Aspiring Georgia Senator Herschel Walker doesn’t live in the state he’s trying to represent.
Recent reports reveal the Republican nominee filed tax exemptions on his home in Dallas/Ft. Worth– TEXAS, not Georgia.
In 2021, Walker claimed a homestead exemption on his 4-bedroom, $3 million Texas home.
He listed it as his primary residence, despite registering to vote over four states away.
According to the Texas Tribune, Under Texas law, homeowners can claim a homestead exemption — which exempts a certain amount of a home’s value from taxation — only on their primary residence.
But homeowners may continue to claim the exemption if they “do not establish a principal residence elsewhere … intend to return to the home … [and] are away less than two years,” according to the state comptroller’s office.
Walker has claimed the exemption since 2012, after purchasing the home in 2021 – according to Tarrant County Tax Assessor records.
Texas allows homeowners to take the exemption if they move out of the state as long as they don’t establish residency elsewhere, and plan to make Texas home again within two years.
Georgia has established 15 rules to determine residency – though not all have to be met.
In 2008, the Democratic candidate for Public Service Commission, Jim Powell, was disqualified from running the office after taking a homestead exemption outside of his local jurisdiction.
It was later reversed.
“The Supreme Court said that a homestead exemption alone was not dispositive evidence that could disqualify a candidate,” according to Georgia State University law professor, Anthony Michael Kreis.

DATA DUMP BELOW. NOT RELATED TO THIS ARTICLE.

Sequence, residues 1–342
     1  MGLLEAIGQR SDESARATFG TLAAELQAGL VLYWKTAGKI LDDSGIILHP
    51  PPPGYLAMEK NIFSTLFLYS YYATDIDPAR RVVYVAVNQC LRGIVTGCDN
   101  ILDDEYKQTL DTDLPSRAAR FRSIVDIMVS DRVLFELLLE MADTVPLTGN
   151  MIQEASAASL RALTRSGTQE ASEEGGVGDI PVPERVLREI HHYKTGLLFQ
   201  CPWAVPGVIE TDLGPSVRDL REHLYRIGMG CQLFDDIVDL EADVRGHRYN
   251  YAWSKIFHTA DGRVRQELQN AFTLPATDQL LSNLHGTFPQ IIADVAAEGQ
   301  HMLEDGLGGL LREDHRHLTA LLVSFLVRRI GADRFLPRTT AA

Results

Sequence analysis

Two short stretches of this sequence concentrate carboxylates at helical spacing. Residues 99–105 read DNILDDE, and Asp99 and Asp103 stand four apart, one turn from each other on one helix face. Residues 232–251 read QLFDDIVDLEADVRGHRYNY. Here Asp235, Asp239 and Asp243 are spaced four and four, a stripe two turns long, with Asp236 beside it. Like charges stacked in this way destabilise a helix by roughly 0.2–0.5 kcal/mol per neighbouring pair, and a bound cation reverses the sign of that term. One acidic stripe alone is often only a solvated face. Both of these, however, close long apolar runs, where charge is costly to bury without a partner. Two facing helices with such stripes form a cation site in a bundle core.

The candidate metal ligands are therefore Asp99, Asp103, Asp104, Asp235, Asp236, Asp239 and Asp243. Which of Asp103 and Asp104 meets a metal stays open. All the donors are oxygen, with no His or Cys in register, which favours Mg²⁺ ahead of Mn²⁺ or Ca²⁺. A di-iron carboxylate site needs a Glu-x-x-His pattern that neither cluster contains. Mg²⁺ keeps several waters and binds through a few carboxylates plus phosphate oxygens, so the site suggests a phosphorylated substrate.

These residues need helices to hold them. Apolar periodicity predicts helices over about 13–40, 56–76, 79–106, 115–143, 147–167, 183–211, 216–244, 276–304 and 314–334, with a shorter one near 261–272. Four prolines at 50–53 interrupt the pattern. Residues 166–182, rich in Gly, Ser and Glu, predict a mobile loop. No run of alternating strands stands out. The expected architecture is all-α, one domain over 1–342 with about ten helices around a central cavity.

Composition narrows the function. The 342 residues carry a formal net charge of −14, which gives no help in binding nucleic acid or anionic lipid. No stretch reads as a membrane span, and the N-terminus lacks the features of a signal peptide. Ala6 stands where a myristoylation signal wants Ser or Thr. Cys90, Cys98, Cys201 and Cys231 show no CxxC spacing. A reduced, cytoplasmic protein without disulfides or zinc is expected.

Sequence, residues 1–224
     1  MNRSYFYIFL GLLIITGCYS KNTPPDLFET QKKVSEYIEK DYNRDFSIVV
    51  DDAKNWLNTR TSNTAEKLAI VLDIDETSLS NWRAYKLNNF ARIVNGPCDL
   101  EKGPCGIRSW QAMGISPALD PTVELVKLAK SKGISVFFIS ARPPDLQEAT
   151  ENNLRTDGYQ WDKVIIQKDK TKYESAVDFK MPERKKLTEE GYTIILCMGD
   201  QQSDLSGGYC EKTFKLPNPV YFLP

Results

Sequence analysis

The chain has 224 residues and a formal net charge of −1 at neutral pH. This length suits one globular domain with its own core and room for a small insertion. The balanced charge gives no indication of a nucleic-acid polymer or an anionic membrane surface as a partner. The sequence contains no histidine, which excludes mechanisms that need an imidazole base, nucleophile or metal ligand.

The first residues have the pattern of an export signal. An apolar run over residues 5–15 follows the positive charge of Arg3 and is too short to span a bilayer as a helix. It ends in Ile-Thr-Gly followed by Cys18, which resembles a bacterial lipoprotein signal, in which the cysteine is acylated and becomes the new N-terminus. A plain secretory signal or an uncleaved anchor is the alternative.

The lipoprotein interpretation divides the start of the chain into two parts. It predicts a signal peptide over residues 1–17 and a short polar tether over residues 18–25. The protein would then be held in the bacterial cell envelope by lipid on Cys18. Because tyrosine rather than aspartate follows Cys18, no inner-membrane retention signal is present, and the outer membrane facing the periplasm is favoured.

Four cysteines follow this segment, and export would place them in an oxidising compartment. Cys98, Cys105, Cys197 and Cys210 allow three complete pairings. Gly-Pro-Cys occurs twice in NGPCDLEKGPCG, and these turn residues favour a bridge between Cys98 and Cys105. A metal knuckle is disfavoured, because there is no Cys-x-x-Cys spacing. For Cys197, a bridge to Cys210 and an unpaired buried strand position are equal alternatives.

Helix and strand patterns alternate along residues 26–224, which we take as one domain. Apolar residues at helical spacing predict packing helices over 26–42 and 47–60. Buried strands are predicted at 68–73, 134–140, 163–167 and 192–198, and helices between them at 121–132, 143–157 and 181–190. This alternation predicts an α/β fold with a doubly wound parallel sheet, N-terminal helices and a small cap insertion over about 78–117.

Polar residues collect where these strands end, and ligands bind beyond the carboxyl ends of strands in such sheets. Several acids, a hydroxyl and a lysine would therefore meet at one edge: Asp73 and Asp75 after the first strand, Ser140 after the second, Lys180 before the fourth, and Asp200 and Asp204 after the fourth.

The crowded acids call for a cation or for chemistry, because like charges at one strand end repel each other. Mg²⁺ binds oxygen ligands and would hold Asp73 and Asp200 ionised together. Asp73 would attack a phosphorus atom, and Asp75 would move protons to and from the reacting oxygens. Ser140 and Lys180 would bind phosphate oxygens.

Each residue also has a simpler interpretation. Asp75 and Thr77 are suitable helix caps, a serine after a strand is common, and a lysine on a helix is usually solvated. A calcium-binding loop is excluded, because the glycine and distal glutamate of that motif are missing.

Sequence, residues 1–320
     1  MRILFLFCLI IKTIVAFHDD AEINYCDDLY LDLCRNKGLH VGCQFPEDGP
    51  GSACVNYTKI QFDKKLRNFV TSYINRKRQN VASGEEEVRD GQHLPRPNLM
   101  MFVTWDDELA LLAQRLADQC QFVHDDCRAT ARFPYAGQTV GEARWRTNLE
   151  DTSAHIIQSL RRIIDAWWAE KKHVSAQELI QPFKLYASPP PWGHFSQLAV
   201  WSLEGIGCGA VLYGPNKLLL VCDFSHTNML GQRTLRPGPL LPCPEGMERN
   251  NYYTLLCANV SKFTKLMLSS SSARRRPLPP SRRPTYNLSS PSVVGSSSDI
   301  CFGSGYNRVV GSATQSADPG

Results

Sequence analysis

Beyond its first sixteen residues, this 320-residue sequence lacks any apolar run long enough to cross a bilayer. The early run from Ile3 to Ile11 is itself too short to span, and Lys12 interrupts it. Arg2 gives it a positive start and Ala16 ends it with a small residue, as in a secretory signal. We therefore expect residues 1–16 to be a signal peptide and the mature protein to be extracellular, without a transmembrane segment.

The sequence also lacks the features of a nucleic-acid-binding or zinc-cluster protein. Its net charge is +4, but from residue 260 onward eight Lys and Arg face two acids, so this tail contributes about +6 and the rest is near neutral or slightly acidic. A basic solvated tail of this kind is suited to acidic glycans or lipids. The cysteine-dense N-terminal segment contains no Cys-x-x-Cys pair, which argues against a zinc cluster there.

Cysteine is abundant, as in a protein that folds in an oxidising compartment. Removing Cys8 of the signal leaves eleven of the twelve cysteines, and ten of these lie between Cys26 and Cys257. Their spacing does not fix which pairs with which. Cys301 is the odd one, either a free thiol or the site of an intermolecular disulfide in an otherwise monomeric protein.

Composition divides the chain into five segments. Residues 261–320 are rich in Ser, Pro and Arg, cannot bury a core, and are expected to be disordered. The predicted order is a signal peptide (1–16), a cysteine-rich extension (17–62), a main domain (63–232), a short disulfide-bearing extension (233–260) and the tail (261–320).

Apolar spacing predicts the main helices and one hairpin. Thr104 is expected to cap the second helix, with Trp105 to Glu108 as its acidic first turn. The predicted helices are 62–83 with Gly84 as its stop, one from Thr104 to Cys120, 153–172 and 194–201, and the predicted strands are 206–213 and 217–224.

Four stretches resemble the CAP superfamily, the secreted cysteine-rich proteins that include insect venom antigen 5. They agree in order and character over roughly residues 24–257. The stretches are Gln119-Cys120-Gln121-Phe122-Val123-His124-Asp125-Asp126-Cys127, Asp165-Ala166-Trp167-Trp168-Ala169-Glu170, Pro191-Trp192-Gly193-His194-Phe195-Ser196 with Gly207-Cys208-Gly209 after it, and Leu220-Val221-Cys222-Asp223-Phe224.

“At the end of the day, this is more of a political problem than a legal one in all likelihood, … where Walker can be painted as a carpetbagger. It does call into question whether Walker’s change of residency was made in good faith,” said Kreis.
Walker took the homestead exception — which TX law says is for your “primary residence,” the last two years. Georgia has 15 rules considered for establishing residency for purpose of voting — one of which is voting/running where you take the exemption. https://t.co/N1xp0oXNZC
— andrew kaczynski (@KFILE) November 23, 2022
Walker’s actions may not technically be “illegal,” but they do raise questions as he runs to unseat actual Georgian, Rev. Raphael Warnock (D), who is running against Walker for the remaining undecided U.S. Senate seat – coveted by both Democrats and Republicans.
The Heisman Trophy winner joins a handful of GOP candidates who ran in key battleground states, despite established residency in other states.
Bestselling author, and tech elitist J.D. Vance in Ohio, and Dr. Mehmet Oz in Pennsylvania come to mind.
Walker has run a campaign based on half-truths and outright lies, so it’s not surprising he’d falsify his state of residence.
Hopefully, Georgians will see past the GOP’s attempts to steal a seat for political power and re-elect the real Georgia resident – Sen. Warnock.
Original reporting by Andrew Kaczynski and Em Steck at CNN.
Follow Ty Ross on Twitter @cooltxchick